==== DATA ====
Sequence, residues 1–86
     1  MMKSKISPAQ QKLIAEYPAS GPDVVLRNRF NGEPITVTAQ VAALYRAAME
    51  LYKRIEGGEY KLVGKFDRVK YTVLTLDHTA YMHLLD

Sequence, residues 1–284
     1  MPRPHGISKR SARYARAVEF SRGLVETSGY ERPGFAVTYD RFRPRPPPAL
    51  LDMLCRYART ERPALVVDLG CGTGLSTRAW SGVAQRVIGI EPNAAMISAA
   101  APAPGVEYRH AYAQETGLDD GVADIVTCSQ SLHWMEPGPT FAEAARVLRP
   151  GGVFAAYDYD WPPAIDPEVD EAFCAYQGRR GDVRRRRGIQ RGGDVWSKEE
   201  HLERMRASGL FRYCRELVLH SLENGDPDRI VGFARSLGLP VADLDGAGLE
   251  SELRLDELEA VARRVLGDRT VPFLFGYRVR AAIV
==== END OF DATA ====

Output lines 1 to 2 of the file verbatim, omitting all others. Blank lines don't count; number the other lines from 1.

Sequence, residues 1–86
     1  MMKSKISPAQ QKLIAEYPAS GPDVVLRNRF NGEPITVTAQ VAALYRAAME